In Pics: 5 reasons why BRICS is good for India
As the sixth five-nation BRICS Summit 2014 is scheduled to take place in Brazil from July 15th to July 16th , let's take a look at why the summit is important for India.
In a pre-departure statement, PM Narendra Modi had said he looks at the BRICS Summit as an opportunity to discuss with his BRICS partners "how we can contribute to international efforts to address regional crises, address security threats and restore a climate of peace and stability in the world".
"I also look forward to our discussions to further advance intra-BRICS economic cooperation and our collective efforts to advance global economic stability and prosperity. In particular, I look forward to the successful conclusion of major BRICS initiatives, like the New Development Bank and the Contingent Reserve Arrangement, which have seen significant progress since their launch in New Delhi in 2012. These initiatives will support growth and stability in BRICS and also benefit other developing countries," he had said.
Modi said the "Summit theme, "Inclusive Growth; Sustainable Development", will enable us to shape the post-2015 Development Agenda being discussed in the United Nations".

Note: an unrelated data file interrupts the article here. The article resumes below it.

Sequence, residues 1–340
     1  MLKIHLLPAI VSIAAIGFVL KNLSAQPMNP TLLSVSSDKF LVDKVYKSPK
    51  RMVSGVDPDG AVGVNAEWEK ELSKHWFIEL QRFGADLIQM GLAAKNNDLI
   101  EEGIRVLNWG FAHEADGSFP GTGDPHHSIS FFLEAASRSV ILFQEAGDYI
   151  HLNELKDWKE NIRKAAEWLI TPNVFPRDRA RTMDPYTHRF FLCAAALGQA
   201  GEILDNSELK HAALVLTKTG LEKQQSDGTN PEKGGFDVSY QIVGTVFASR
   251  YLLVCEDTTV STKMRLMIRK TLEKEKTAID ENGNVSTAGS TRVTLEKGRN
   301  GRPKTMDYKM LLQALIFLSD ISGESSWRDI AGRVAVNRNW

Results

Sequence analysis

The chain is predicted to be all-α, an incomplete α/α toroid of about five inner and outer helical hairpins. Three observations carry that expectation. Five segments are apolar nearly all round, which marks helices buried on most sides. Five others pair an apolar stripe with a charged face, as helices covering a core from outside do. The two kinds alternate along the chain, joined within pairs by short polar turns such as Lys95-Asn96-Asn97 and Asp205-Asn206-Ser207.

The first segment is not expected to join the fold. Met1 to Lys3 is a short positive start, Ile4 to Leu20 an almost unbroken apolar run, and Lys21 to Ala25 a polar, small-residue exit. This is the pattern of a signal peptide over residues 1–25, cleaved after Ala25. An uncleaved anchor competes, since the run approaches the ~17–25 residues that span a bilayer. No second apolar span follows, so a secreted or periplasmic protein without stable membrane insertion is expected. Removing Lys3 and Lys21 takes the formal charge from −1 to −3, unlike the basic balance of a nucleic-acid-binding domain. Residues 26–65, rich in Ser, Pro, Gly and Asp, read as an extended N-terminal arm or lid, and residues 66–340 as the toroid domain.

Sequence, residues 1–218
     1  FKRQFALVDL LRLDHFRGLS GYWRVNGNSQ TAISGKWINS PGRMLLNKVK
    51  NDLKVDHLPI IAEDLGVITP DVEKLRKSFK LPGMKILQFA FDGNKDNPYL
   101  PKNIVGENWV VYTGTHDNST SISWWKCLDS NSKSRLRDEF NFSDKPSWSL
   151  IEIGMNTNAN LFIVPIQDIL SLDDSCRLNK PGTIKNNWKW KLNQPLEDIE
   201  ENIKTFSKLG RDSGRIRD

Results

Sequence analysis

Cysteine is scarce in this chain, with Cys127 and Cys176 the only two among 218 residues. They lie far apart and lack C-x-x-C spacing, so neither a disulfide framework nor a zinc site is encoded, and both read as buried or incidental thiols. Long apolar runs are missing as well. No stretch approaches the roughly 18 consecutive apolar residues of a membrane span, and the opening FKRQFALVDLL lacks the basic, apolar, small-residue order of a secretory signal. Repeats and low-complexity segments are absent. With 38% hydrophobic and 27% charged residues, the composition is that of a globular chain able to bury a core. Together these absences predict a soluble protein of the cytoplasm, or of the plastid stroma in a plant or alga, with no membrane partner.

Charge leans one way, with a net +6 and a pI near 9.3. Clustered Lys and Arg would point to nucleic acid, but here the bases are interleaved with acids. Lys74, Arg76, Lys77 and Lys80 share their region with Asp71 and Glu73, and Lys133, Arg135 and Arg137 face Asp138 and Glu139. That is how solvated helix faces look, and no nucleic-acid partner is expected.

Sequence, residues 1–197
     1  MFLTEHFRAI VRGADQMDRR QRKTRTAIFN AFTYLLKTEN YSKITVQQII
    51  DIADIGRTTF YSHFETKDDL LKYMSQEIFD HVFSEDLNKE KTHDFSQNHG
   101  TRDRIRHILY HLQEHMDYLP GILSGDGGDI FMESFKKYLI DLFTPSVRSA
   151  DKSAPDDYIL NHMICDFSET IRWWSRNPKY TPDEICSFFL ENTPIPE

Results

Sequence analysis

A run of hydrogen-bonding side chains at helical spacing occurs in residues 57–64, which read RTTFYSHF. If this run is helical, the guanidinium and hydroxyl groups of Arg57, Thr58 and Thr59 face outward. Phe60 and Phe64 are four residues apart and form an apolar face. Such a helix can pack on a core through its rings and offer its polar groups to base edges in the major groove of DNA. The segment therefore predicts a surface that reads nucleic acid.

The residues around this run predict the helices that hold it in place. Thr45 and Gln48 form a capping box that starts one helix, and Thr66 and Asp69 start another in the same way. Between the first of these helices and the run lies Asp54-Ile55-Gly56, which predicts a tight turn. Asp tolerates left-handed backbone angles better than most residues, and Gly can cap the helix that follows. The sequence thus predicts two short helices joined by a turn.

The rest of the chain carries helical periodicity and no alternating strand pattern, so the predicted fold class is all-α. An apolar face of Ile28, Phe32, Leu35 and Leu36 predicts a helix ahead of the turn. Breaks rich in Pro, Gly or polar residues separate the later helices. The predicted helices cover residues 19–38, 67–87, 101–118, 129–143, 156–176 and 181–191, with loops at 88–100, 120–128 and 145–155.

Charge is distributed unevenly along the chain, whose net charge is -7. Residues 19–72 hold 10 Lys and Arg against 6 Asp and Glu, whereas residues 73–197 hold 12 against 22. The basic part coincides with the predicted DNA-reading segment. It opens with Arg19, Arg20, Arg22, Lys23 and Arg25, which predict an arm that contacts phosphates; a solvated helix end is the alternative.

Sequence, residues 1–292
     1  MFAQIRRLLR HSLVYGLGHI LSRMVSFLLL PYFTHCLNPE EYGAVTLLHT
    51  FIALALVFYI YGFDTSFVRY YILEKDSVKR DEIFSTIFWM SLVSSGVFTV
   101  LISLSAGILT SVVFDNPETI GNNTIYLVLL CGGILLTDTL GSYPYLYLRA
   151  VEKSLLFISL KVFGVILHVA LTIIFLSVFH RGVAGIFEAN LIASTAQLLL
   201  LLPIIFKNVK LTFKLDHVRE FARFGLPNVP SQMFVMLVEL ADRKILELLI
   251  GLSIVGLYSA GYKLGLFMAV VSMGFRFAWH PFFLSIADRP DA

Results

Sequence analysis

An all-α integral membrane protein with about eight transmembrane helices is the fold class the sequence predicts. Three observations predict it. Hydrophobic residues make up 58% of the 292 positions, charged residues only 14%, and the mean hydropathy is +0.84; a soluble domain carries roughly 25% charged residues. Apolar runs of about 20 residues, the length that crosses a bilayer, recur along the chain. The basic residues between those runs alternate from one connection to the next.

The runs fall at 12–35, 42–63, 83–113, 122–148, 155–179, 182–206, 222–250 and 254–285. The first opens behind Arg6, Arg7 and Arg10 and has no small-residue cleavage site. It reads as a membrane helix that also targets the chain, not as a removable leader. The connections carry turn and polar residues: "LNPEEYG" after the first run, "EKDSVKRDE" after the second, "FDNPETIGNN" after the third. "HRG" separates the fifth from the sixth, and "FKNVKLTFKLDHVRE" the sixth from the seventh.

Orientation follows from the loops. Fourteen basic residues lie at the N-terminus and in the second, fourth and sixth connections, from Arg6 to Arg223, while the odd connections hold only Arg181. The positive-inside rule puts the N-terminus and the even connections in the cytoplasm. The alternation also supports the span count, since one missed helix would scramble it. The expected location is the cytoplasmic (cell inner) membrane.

He had said the Summit "will also be an occasion for my first meetings as Prime Minister with the leaders of our important global partners - Brazil, China, Russia and South Africa. I look forward to meaningful meetings with them to intensify bilateral relations and exchange views on global and regional developments".
Here are the 5 reasons why BRICS Summit 2014 is good for India:
Prime Minister Narendra Modi to attend BRICS for the first time
The BRICS Summit provides Modi his first opportunity during the multilateral engagement at meeting the world leaders in an international gathering, which is expected to finalise the setting up of a development bank and seek reforms of the United Nations and international financial organisations.
As the nation has already seen the PM Narendra Modi's magic and charismatic governance skills, the BRICS Summit will act as a catalyst for Modi to show his leadership qualities at the global level in discussing the bilateral issues like economic ties, etc.
India is hoping for an endorsement of the need for UN Security Council reforms and also those of the Bretton Woods institutions like the World Bank and IMF.
Modi will also meet the heads of governments of South American countries, including Argentina, Bolivia and Venezuela, who have been invited by host Brazil.
Modi is accompanied by a high-level delegation that includes Minister of State for Finance Nirmala Sitharaman, National Security Adviser A K Doval, Foreign Secretary Sujatha Singh and Finance Secretary Arvind Mayaram.
In his first meeting with Chinese President Xi Jinping on the sidelines of BRICS summit, PM Narendra Modi is expected to discuss bilateral, economic, trade and strategic issues.
Their maiden meeting likely to be held on July 15 is taking place in the backdrop of signing of MoU to facilitate Chinese Industrial Parks in India during last month's visit of Vice President Hamid Ansari.